by Whitney Sperrazza
My research explores the relationship between tangibility and intangibility. As a scholar of early modern poetry, this relationship informs my experiments with how digital practices help us engage differently with historical literary texts. During my visit to the Digital Humanities and Social Engagement lab this spring, I had a chance to talk about a work-in-progress on the haptic quality of poetic language. Feminist literary scholars have long argued that early modern sonnet conventions enact violence against the female body. In my ongoing experimental humanities work, I pose as my central question: how do we feel that violent language?
For some early prototypes, I constructed wooden board and nail versions of early modern sonnets, turning the poems into three-dimensional objects that made the reading experience a bit more perilous. I used the blazon convention as my starting point and marked (drove a nail through) any language that abstracted and catalogued women’s body parts. Ultimately, I produced poetic objects that were physically sharp to the touch. The poems were punctuated with moments of “sharp-ness” that not only forced the reader to confront violent descriptions of the female body, but also made those violent, and often penetrative, descriptions tangible. In addition to raising questions about the relationship between violent language and physical violence, these objects function as an artifact of my own reading—a creative edition of the sonnets that makes palpable my critical aims.
I shared these prototypes with the DHSE community and had a chance to discuss ideas about the project’s next steps as I shift from a handful of representative poems to the entire archive of early modern sonnet sequences. Increasingly, I am using this work to think about the long history of violence against women’s bodies and how new interactions with literary texts can help us better understand aesthetic manifestations of that violence. In other words, violence in early modern sonnets is a structural, not simply conceptual, feature. For the project’s next phase, I plan to combine my experiments in critical making with computational text analysis methods, tagging and cataloguing violent language across the early modern sonnet archive (roughly 1,500 poems) and then producing new objects based on that much larger accumulation of data points. By combining critical making and computational text analysis, I want to offer a creative repurposing of quantitative tools and use my curated data set as a starting point for new forms of engagement between texts and readers.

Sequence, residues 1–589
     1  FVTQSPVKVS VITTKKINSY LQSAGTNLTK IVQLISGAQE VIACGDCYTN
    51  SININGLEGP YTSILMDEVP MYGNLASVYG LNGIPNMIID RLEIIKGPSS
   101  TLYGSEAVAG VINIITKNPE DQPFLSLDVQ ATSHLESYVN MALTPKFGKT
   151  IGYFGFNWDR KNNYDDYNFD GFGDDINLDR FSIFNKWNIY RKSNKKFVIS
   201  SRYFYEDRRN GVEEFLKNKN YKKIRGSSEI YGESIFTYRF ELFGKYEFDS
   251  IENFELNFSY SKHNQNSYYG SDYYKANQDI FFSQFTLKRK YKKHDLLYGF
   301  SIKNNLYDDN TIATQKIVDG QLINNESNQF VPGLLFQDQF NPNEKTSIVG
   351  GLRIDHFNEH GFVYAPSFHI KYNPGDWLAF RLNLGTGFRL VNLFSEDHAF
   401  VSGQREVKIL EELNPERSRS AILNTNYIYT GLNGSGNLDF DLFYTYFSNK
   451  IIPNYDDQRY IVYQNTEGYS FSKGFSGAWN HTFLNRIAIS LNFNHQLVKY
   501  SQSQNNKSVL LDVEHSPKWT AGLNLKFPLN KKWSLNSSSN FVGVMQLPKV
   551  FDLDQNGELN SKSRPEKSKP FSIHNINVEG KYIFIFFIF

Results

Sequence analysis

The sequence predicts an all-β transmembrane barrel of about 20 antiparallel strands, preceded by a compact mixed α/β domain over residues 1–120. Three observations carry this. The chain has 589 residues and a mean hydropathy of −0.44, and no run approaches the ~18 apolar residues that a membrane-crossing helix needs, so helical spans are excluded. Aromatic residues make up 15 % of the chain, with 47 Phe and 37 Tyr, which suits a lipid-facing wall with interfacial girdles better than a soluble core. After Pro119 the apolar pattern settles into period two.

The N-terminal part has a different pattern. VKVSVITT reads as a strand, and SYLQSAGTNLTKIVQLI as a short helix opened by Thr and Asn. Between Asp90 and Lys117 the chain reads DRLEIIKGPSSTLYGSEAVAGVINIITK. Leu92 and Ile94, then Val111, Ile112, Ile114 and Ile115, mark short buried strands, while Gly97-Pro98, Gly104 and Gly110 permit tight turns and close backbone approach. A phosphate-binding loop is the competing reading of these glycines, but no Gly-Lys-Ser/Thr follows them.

DHSE offered the perfect space within which to have a conversation about this work and its future directions, particularly given the social justice ethos so central to the lab’s mission and the highly interdisciplinary community the lab convenes for its programming. The DHSE audience (which included individuals from the Department of English and Creative Writing, Dartmouth Libraries, and the Neukom Institute for Computational Science) offered perspectives on different aspects of the work: the digital humanities methods, my close readings of the sonnets, and the project’s feminist critical framework. Additionally, in conversations with faculty, staff, and students throughout my visit, I learned about exciting new digital work at Dartmouth and gained valuable insight on project design and development.
Thank you to the DHSE team—Jacqueline Wernimont and Brinker Ferguson—for the chance to play and experiment in your vibrant lab space and for hosting an energizing and intellectually rigorous conversation about my work.